Bands Too Light
Light bands – example 1
It looks like this problem was caused by badly formed
wells and/or careless loading of sample onto the
gel. The background is dark and uneven, suggesting
that protein was in the running buffer itself. Most
likely the apparatus was jarred and much of the samples
was slopped out of the wells. The spilled sample
would not resolve into bands, since it continuously
entered the gel from the upper buffer compartment.
Note the presence of a horizontal line, continuous
along several lanes (arrow). That would suggest
that the wells were too shallow, and some material
spilled into adjacent wells.
This symptom also shows up in perfectly good
gels when the electrodes are hooked up backwards
for a few minutes. Protein migrates out of the
wells instead of into the stacking gel. Catching
the problem within a few minutes salvages some
of the information, but the pH effect that causes
efficient stacking is compromised, sample is lost,
and protein contaminates the running buffer.
Light bands – example 2
Judging from the lack of other symptoms, it appears
that the gel simply didn't stain well. Coomassie
blue dye staining solution can become contaminated
with SDS if it is recycled. The dye becomes less
effective and proteins don't show up as well as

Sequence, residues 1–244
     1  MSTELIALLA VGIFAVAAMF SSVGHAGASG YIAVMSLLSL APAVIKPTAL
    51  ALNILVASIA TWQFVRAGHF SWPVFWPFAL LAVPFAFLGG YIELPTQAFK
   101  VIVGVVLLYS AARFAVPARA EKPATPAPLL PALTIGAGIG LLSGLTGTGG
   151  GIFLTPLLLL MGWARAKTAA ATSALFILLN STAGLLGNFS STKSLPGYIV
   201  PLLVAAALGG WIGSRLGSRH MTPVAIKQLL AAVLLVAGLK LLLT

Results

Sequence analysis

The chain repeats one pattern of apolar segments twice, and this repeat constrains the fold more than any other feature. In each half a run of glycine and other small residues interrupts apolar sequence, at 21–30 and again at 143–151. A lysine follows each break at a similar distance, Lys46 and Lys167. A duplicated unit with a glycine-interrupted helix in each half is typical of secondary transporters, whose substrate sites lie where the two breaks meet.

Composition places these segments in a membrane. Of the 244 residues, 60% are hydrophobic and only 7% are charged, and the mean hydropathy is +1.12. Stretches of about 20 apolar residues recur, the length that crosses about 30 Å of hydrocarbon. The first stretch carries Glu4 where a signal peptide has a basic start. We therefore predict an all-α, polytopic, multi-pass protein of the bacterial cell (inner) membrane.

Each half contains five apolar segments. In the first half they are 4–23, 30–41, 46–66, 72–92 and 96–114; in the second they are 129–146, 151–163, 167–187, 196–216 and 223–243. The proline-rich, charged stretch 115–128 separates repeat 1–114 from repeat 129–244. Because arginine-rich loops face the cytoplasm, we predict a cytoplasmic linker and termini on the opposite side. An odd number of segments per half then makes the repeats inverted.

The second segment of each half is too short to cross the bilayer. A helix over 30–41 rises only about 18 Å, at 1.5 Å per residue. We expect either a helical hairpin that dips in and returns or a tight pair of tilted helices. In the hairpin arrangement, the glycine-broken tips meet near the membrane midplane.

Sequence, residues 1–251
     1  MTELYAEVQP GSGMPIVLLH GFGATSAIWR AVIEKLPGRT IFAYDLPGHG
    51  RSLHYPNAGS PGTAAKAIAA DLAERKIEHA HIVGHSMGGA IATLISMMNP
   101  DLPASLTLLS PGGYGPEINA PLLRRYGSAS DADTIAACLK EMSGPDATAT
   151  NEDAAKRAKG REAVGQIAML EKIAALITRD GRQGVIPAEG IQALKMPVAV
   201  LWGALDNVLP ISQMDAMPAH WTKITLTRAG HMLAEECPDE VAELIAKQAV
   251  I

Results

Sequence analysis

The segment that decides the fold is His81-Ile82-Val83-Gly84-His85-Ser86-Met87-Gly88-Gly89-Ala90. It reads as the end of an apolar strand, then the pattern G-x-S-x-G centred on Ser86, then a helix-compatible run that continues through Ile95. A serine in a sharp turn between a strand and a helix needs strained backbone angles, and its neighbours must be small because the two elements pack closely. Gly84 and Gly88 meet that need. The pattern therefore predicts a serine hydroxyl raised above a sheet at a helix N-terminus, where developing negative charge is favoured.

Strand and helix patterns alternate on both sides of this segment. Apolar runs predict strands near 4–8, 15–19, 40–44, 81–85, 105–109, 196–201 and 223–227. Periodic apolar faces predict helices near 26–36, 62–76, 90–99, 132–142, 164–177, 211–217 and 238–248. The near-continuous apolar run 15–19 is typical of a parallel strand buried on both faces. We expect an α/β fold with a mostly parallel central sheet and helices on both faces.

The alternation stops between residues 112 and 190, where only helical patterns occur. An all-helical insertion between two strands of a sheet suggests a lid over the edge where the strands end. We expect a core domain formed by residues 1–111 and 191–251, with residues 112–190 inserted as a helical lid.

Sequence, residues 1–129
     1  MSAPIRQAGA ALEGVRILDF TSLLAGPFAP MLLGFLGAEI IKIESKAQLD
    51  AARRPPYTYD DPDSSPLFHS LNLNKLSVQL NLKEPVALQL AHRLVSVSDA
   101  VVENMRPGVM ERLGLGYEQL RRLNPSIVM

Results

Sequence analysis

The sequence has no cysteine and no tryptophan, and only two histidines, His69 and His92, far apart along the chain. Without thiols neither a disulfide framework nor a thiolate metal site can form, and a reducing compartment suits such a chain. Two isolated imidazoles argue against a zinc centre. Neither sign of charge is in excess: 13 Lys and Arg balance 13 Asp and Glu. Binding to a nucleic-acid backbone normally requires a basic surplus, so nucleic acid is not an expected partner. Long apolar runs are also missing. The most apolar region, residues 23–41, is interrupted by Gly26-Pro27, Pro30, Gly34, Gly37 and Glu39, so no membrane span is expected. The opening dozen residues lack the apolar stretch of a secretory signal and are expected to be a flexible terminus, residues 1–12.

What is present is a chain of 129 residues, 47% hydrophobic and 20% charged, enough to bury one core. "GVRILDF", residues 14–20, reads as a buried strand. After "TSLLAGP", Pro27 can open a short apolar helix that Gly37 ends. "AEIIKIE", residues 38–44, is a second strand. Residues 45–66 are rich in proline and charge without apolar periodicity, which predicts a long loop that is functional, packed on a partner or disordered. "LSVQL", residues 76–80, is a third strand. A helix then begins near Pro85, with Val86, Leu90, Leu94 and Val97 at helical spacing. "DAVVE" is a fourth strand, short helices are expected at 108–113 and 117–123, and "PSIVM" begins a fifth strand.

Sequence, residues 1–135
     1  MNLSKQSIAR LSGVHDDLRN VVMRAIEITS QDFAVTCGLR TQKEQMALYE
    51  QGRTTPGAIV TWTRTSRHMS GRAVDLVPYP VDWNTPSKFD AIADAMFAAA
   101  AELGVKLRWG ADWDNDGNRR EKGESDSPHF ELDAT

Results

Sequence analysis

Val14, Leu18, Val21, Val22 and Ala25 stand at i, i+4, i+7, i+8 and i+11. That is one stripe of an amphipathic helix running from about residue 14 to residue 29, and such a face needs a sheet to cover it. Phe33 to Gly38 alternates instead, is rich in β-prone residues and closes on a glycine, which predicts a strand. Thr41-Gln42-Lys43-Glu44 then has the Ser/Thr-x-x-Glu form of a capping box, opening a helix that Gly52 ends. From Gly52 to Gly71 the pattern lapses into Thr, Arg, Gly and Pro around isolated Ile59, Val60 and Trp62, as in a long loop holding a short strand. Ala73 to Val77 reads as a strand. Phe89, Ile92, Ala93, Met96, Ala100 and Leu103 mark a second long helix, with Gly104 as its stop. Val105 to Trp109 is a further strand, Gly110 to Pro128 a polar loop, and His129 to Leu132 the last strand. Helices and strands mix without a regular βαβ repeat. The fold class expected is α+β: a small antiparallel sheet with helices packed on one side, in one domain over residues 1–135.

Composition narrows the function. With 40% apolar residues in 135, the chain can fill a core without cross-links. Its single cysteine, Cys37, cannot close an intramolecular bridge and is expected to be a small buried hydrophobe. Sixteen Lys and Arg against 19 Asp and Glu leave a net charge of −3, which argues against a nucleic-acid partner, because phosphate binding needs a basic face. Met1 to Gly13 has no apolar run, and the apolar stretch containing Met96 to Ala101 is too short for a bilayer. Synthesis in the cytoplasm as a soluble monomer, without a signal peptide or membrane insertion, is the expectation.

with fresh dye. As long as the proteins were precipitated
in the gel by the acidified alcohol in the stain
solution, the problem could be corrected simply
by re-staining with fresh dye.
Light bands – example 3
The 'X' marks the lane next to lane 5 where the amount
of protein was overestimated in the original sample,
the sample was prepared to the wrong concentration
for electrophoresis, or too little was loaded - perhaps
sample wasn't properly drawn up into the syringe.
The absence of any major bands, compared to the other
samples, suggests that the well was simply underloaded.
Light bands – example 4
This is one of the more disappointing symptoms you
might encounter. Let's say you were extremely meticulous,
did everything perfectly, and ran your gel so that
the dye front was perfectly even and right at the
bottom. You rinsed the gel in deionized water, then
left it on the shaker. Being late in the day, you
forgot to replace the water with the stain. It was
stained the next day, but here's the result:
Notice that the smaller proteins diffused rather
quickly out of the gel, while the larger ones at
the top diffused much more slowly, and took the
stain. The acidified alcohol in the stain solution
and in the destain solutions is essential, as it
precipates proteins, preventing them from diffusing
out of the acrylamide matrix.